'A Teacher' star Kate Mara on real-life predators having affairs with students: It's 'quite overwhelming'

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Kate Mara’s latest role is of a high-school teacher who has an affair with her underage student — and it made her realize just how widespread this problem is.

“We had it on Google Alerts,” Mara, 37, told The Post of illicit teacher-student trysts. “The amount of real-life stories that we’d see on a weekly basis was quite overwhelming. This type of predatory relationship happens much more frequently than I think most people would expect,” she said.

This encouraged her to move forward with “A Teacher,” a boundary-pushing project that premieres Nov. 10 on Hulu. The 10-episode limited series, which Mara stars in and also produced, follows 30-something Claire as she lands a new job teaching English at a suburban Texas high school. Soon, she becomes entangled with one of her students, a 17-year-old senior named Eric (Nick Robinson, 25, best known for “Love, Simon”).

What begins as innocuous after-school tutoring quickly evolves into a secret romance. Claire, who is married, has to find ways to explain her strange behavior to her husband, while Eric tells his friends that he’s seeing an older woman — from the local college.

Kate Mara’s latest role in ‘A Teacher’ is of a high-school teacher who has an affair with her underage student.
(Photo by Rodin Eckenroth/FilmMagic/Getty)

Mara said it was a challenge to portray someone so unsympathetic: “Playing someone who is an abuser — who uses her position and her power to manipulate someone — is not something that I would say is an easy thing to do.”

It felt particularly daunting, she said, given that she’d just given birth to her daughter when filming started on “A Teacher” in 2019. Mara, who’s the older sister of Rooney, 35 (and aunt to her baby, River, with Joaquin Phoenix), married her “Fantastic Four” co-star Jamie Bell, 34, in 2017.

She said the production team and cast made her return to work as a new mom feel as comfortable as possible.

“There’s some very intimate scenes we had to shoot, and I had just had a baby three months before, so it could have felt vulnerable and scary. But it didn’t feel that way at all, because I had incredible support. Nick [Robinson] is awesome. He’s a true professional.”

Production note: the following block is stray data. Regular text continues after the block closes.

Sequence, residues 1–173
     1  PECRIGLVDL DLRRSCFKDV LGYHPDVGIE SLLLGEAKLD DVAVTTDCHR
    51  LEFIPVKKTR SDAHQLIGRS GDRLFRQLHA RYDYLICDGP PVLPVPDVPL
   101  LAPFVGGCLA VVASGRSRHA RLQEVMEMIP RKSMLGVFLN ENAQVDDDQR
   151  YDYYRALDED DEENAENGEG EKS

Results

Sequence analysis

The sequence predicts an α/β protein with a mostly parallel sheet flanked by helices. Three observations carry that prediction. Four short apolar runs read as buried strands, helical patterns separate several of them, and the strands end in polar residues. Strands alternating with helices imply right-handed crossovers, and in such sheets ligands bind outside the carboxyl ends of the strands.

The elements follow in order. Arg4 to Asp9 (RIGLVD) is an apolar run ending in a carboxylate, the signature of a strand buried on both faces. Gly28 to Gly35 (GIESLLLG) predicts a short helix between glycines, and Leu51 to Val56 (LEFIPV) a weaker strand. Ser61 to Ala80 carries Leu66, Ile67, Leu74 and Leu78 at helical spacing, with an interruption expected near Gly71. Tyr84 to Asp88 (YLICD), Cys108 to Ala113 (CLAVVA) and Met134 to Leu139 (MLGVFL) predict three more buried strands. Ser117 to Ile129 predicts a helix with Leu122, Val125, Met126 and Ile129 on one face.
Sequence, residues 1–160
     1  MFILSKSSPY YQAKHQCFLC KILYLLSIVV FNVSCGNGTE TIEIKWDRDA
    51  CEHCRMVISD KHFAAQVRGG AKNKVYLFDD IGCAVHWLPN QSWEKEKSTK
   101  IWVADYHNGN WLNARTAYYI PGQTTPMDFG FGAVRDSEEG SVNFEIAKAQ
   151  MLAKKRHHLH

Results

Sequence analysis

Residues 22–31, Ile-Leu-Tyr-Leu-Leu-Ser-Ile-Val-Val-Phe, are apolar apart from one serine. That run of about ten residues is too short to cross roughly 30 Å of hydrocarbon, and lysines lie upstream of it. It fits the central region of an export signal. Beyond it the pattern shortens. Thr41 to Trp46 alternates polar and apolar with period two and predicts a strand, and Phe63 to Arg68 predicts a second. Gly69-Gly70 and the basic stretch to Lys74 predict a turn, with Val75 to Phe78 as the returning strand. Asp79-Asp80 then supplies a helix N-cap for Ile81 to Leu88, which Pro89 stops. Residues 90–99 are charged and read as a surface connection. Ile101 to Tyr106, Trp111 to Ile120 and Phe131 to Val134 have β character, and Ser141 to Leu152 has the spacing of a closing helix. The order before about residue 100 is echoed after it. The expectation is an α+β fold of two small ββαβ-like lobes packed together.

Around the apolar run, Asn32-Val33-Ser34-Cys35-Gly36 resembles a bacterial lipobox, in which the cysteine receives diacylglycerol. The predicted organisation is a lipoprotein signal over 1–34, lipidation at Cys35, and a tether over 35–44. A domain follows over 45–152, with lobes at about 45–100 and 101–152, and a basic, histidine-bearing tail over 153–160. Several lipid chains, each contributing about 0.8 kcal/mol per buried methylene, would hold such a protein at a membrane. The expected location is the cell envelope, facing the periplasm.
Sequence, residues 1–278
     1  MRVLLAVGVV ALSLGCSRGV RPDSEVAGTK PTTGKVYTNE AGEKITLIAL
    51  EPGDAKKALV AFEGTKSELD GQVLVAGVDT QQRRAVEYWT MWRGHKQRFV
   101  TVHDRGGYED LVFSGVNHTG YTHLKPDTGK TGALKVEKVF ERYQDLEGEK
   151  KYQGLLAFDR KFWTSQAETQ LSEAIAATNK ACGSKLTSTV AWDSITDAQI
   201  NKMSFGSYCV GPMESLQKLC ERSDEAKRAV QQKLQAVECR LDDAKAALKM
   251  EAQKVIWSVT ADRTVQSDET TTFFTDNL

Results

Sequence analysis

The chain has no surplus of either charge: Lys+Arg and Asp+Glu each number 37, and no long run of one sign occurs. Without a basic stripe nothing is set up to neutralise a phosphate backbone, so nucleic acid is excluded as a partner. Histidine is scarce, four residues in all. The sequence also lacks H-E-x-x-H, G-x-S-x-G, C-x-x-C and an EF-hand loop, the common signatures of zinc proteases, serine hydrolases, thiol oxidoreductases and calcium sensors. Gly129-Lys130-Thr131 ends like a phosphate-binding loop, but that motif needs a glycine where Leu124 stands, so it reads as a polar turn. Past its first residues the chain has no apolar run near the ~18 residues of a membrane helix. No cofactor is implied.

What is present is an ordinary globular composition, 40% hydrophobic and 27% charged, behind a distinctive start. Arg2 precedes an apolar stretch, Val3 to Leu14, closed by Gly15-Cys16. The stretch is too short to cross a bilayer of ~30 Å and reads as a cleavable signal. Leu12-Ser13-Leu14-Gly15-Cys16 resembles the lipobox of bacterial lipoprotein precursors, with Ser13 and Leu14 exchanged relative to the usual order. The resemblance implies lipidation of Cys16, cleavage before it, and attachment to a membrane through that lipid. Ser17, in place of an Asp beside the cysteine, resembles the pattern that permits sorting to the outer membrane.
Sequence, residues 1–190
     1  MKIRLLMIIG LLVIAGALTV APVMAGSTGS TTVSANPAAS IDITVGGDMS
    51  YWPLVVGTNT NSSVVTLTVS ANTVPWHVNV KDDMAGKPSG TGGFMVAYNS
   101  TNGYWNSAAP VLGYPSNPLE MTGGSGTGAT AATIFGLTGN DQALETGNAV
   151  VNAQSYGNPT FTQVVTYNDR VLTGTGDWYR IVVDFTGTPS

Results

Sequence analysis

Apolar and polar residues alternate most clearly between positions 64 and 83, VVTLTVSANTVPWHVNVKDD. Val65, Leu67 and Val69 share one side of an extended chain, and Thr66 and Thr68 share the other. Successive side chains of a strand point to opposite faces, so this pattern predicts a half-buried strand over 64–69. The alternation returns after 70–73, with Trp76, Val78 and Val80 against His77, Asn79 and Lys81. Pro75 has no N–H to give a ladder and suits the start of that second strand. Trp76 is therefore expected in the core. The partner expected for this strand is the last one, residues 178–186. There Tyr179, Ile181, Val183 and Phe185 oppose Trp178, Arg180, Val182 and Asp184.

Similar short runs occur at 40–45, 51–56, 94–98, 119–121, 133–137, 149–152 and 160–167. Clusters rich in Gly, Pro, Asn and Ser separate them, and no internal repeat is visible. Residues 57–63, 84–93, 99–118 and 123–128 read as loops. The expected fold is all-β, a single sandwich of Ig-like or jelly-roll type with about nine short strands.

“A Teacher” is based on a 2013 movie of the same name, written and directed by Hannah Fidell, who also helmed the miniseries. Mara said Claire and Eric are not based on any real people, though she’s well aware of the various female teacher-male student relationships that have made headlines over the past few years.

Recent cases include then-26-year-old Texan Sarah Fowlkes, who turned herself in for improper relations with a 17-year-old student in 2017; 27-year-old Floridian Stephanie Peterson, who was arrested in 2018 for alleged relations with a 14-year-old; and 22-year-old high-school science teacher Hunter Day, who was arrested for alleged sex with a student in 2017 in Oklahoma.

Mara, who is best known for her roles in “House of Cards” and “24,” said she was attracted to this story because she was interested in showing “both perspectives”: of Eric, the victim, as well as Claire’s.

“Although we know her choices are wrong, we wanted to show the human side of her as well,” Mara said of her character in the show. “For example, everyone can relate to feeling lost at some point in their lives and wanting to be seen. That does not give any sort of justification to her choices at all — but it’s finding those relatable characteristics that’s important.”

The show does not portray Claire as a one-dimensional monster. Rather, it delves into the personal struggles that impact her poor decision-making, such as her crumbling marriage. For Mara, that was key to digging into Claire’s complicated psychology.

“I like that [the show] exposes the gray area of consent and power dynamics and grooming,” Mara said. “What I was excited to explore was highlighting the lies that my character Claire told herself in order to justify behavior that she knew was wrong the entire time.”

This article originally appeared in the New York Post.

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